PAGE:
In late 18th century some liturgical elements were added making the structure very much like the present one: the exposition of the Blessed Sacrament at the beginning, the singing of the three parts of the hymnals and songs; followed by an occasional sermon called the Passion Sermon. After that there was a procession with candles around the church. Finally the celebrant blessed worshipers with the Blessed Sacrament.[3]

Present Day[edit]

Generally, the Gorzkie Żale devotion is divided into three parts comprising one cycle. The first part is sung on the first and fourth Sundays of Lent, the second part is sung on the second and fifth Sundays of Lent, and the third part is sung on the third Sunday of Lent and Palm Sunday. On Good Friday, all three parts of the entire cycle are sung, though there are variations depending on local custom.

The devotion usually starts with the Exposition of the Blessed Sacrament, followed by the sung introductory hymn: "Pobudka do rozmyślania męki Pańskiej" (English: "A wake-up call to begin meditating Our Lord's Passion"). This hymn is the same for all three parts of the cycle and is presented below.[4]

The introductory hymn "Pobudka"
Polish text
English version
Gorzkie żale, przybywajcie,
Serca nasze przenikajcie. (2x)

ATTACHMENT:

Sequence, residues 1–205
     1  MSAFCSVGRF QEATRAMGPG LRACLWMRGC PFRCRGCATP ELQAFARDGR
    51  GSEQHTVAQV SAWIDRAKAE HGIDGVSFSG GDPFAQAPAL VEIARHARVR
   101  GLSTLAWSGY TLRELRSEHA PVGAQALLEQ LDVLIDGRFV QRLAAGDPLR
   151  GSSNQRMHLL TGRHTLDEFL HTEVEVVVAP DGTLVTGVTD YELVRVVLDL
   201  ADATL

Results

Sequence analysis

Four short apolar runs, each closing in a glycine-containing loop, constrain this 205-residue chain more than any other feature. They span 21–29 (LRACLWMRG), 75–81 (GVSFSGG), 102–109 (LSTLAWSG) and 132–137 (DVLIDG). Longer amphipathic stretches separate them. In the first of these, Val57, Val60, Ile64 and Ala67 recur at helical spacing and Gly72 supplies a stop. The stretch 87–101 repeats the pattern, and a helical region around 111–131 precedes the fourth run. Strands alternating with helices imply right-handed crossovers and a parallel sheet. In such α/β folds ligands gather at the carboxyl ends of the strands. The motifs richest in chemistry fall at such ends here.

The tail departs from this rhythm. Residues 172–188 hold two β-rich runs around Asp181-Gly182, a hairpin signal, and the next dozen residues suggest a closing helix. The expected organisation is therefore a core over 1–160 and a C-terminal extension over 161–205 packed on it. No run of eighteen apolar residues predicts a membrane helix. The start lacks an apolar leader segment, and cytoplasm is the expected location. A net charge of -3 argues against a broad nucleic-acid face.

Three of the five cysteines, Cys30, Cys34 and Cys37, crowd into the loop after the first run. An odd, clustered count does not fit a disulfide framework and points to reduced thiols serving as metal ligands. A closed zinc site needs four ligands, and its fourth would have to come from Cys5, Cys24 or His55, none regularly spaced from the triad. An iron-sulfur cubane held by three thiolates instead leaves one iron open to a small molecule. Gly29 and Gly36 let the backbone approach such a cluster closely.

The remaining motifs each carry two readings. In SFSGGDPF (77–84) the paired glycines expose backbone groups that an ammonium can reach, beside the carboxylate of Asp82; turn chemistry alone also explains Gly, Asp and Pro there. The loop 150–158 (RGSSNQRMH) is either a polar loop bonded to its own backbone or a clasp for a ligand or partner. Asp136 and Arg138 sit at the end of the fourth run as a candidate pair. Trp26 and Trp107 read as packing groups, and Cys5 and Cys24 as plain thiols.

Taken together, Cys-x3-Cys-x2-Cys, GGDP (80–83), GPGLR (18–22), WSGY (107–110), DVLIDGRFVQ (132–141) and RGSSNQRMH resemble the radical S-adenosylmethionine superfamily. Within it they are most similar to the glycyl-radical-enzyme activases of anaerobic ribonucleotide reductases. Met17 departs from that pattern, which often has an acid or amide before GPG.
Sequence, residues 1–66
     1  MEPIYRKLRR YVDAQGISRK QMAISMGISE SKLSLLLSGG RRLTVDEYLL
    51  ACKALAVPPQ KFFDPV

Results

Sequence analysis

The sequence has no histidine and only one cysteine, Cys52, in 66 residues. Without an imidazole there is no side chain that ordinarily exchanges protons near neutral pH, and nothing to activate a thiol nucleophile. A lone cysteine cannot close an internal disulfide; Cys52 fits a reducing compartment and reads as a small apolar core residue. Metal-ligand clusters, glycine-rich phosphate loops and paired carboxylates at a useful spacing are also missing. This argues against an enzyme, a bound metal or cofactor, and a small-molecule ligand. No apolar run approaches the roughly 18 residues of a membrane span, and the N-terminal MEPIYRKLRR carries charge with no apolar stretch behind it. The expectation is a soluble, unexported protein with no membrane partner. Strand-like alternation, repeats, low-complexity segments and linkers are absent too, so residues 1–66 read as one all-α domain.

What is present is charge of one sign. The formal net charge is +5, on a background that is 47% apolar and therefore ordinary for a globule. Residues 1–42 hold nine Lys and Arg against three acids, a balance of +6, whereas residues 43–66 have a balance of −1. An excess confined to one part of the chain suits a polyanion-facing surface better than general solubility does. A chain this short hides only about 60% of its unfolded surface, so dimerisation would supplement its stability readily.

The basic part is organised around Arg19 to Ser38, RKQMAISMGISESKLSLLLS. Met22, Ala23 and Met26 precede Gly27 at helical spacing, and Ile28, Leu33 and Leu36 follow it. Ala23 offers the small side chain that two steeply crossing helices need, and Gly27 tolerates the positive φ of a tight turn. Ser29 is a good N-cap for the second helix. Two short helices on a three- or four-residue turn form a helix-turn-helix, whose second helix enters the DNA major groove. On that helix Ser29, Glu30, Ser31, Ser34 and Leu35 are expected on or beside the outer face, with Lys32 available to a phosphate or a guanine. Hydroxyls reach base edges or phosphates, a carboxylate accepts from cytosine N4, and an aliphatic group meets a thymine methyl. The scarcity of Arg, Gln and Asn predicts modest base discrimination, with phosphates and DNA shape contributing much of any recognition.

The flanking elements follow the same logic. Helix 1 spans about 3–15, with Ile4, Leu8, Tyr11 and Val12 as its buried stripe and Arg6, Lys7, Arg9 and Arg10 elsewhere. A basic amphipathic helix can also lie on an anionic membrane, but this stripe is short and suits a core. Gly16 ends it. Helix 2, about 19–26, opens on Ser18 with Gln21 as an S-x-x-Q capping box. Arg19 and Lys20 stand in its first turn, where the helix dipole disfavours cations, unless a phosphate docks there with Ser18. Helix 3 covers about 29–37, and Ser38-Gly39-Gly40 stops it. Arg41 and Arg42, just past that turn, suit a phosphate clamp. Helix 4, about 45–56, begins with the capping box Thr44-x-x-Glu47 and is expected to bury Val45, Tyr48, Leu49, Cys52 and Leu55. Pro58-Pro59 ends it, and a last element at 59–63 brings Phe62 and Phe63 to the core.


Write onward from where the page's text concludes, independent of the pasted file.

Rozpłyńcie się, me źrenice,
Toczcie smutnych łez krynice. (2x)
Let us pray in contemplation,
While we sing this lamentation. (2x)
With eyes tearful, hearts repenting,
Let us grieve with no relenting. (2x)
Słońce, gwiadzy omdlewają,
Żałobą się okrywają. (2x)
Płaczą rzewnie Aniołowie,
A któż żałość ich wypowie? (2x)
Lo, the sun and stars are fading;
sadness, nature all pervading. (2x)
Host of Angels, sadly weeping,
Who'll explain their deep bereaving? (2x)
Opoki się twarde krają,
Zgrobów umarli powstają. (2x)
Cóż jest, pytam, co się dzieje?
Wszystko stworzenie truchleje. (2x)
Mountains, cliffs and rocks are crumbling;
Sealed tombs open, loudly thund'ring. (2x)
Why such sorrow, desolation?
Overwhelming all creation? (2x)
Na ból męki Chrystusowej
Żal przejmuje bez wymowy. (2x)
Uderz, Jezu, bez odwłoki
W twarde serc naszych opoki. (2x)
'Tis Our Savior's sacred Passion
Moving all to deep compassion. (2x)
Touch our hearts, O Lord most holy,
With contrition, true and lowly. (2x)
Jezu mój, w krwi ran Twoich
Obmyj duszę z grzechów moich. (2x)
Upał serca mego chłodzę,
Gdy w przepaść męki Twej wchodzę. (2x)
By your precious Blood redeem us;
From sin, malice, O Lord free us. (2x)
May our Lenten lamentations,
Curb false ardor and wild passions. (2x)